Shifu Li

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About Shifu Li

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  1. Xing & Ming in the Daoist Tradition The first paragraph of a recent article I and another member of the American Dragon Lineage recently wrote. In the Daoist worldview, the end goal of attaining the Source or Origins is by cultivating our ultimate nature (xing), and our life-destiny (ming). These concepts are two of the many complex concepts informing Daoist cultivation. In the early phases of the Daoist tradition, these concepts were thought of as a single unity. As the Daoist view evolved, innate nature and life-destiny became differentiated into two distinct entities. Innate nature became recognized as our original and inherent nature which is connected to the Dao (The Way). Innate nature is also perceived as our heart-mind (xin) with which we were born, thus innate nature is associated with the heart and spirit (shen). Life-destiny became known as our fate as decreed from the intelligence of Heaven. Life-destiny is associated with the kidneys and vital essence (jing-one of the three treasures). Both states are cultivated through stillness practices and movement practices like qigong, daoyin, and other yangsheng methods. In the process, we undertake these states as a dual cultivation of innate nature and life-destiny, which culminates in an ultimate state of Stillness, the same as the ultimate reality, the Dao. The rest of this article is available for members of the American Dragon Gate Lineage. A new membership level was recently created. Contact shifu Michael for details: qigongdragon.com
  2. How exactly does females drain our Jing

    From a Daoist and Chinese medicine perspective, our Jing or vital essence is stored in the Kidneys. It is closely connected to our physical sperm as men and menstrual fluid as women. Jing is also more than that, but that's another story. One way we lose this Jing is through sexual release, whichever way. So it's not the female who takes it, that's a very sexist way of thinking, but for whatever reason, when we release it, we are loosing some of our vital essences. It is said when all our Jing is used or lost, we are dead.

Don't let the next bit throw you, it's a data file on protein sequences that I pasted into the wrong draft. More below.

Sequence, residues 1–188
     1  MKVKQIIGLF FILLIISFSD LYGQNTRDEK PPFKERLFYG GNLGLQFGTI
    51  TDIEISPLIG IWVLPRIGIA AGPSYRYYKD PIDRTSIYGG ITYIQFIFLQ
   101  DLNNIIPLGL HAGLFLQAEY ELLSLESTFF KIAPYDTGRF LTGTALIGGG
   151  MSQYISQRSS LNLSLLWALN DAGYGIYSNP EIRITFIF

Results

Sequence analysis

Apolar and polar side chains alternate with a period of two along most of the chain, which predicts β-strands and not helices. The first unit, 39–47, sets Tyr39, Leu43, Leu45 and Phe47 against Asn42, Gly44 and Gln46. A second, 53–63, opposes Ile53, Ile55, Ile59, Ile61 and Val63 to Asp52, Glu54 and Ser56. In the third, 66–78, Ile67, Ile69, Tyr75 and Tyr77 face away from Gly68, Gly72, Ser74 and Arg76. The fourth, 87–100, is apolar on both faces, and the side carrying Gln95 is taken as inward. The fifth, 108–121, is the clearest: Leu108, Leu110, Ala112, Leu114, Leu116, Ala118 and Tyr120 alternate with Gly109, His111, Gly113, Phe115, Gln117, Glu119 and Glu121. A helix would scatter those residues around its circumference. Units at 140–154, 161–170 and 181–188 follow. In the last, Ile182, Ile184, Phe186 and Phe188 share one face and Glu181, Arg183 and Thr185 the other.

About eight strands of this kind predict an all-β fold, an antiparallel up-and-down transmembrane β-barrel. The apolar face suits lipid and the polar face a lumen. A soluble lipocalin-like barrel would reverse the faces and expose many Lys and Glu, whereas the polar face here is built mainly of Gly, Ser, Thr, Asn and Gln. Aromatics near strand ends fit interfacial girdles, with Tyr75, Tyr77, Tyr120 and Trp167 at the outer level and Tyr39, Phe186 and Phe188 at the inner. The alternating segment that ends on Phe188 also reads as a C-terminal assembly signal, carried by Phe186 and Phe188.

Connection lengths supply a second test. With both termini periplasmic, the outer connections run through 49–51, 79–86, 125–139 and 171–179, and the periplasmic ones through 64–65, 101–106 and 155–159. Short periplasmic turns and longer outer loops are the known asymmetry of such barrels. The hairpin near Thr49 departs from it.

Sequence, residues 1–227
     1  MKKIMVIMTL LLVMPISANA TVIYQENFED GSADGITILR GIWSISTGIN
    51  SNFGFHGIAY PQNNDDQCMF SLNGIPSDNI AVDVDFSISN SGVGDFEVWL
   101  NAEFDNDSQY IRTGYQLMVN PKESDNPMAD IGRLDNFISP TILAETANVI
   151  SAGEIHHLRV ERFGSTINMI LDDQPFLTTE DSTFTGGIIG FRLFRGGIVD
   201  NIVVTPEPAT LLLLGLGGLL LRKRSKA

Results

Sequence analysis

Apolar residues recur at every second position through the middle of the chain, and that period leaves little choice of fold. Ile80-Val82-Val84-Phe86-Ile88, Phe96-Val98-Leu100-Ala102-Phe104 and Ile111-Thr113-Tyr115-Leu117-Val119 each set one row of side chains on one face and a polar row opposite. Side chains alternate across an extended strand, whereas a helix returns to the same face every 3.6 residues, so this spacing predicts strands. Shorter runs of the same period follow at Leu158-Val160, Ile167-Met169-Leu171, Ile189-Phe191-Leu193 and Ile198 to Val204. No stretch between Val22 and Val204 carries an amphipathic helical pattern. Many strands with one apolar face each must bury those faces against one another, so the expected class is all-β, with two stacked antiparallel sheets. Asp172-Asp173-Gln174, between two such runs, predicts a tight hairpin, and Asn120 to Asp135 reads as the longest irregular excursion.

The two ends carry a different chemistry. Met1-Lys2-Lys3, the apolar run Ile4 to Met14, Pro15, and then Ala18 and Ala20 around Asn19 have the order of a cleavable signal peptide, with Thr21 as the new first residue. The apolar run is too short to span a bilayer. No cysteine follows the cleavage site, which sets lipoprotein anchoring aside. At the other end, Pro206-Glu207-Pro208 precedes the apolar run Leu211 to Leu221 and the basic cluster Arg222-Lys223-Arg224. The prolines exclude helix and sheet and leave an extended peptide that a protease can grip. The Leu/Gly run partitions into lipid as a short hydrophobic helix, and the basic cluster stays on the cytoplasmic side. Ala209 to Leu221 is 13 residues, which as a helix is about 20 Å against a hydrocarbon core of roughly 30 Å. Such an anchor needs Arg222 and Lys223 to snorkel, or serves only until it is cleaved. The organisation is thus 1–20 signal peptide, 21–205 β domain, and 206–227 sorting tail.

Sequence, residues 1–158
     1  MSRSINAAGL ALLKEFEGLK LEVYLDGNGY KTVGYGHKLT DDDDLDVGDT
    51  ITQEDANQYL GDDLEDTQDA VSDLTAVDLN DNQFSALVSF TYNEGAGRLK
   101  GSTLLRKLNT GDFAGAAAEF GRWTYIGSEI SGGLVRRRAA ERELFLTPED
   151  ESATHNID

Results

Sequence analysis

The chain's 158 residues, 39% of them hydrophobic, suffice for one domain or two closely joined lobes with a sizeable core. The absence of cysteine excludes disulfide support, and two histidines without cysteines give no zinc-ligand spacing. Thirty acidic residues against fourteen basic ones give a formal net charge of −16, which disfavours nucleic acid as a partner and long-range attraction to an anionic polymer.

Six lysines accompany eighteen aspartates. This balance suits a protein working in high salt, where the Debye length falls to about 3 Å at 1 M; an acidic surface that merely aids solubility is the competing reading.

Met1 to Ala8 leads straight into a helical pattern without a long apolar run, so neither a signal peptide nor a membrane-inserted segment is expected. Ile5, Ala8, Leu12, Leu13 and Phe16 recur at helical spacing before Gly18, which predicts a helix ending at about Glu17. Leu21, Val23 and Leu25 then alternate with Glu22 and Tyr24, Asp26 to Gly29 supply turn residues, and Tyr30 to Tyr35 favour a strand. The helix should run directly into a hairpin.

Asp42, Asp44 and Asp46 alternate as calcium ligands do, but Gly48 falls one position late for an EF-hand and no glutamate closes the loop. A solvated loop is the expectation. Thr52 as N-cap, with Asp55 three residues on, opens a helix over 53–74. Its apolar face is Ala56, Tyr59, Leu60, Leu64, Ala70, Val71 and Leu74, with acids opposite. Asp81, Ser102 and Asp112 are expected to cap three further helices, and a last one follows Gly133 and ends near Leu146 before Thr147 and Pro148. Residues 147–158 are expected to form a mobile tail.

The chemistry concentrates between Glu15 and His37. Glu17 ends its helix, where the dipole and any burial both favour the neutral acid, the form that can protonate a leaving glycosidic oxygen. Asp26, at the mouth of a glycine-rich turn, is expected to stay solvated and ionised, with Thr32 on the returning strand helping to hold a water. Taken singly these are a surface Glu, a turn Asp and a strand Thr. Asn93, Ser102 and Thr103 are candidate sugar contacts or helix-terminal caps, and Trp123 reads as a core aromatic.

3. As a qigong teacher of many years I understand how difficult it can be to learn qigong. Many of my students tell me the same thing-knocked around by different approaches, limited videos or even books, or teachers who expect their students to have unlimited finances. I know many well-known qigong teachers in the USA, and I am so disappointed of the amount of money they charge for their studies. My certification studies were never very high and I even lowered them when the pandemic hit. As a result I have even more students and many of them from the UK, Canada, and throughout the USA. It is important to have a single approach to learning qigong. Jumping from one topic to another without a grounding commonality is not the best way. New students need a basic foundation in Chinese medicine, the core qigong/Daoist principles, a system of qigong which is broad but unified and has depth. Meditation is a part of the history of Daoist cultivation and should be an essential part of qigong cultivation. If you feel inclined to what I offer, visit my web site. qigongdragon.com shifu Michael
  4. New member-shifu Michael

    Thanks for the welcome. I do find the structure of how to move around on the site a little confusing. Hopefully, I'll figure it out., shifu Michael
  5. New member-shifu Michael

    Hello to all. I am glad to join your group of interested Daoist practitioners. I know there are many approaches to Daoist practice; I respect them all but will represent the path I have lived for the last 25 years. shifu Michael, founder of the American Dragon Gate Lineage, a branch of the Longmen-22nd generation, Lichangdao.
  6. Daoist Training

    I am glad to be a new member of the Dao Bums in order to share my take on what it is like to be a Daoist priest from a western perspective. I was ordained in 2003 and again in 2016 as a 22nd generation Longmen priest. In 2006 I founded a western based lineage based on the teachings of the Quanzhen tradition. I am also influenced by many years of Buddhist training and a few years in the Catholic monastic contemplative traditions. I offer qigong training, general Daoist training and for those wanting the additional commitment, training to become an ordained priest of the American Dragon Gate Lineage.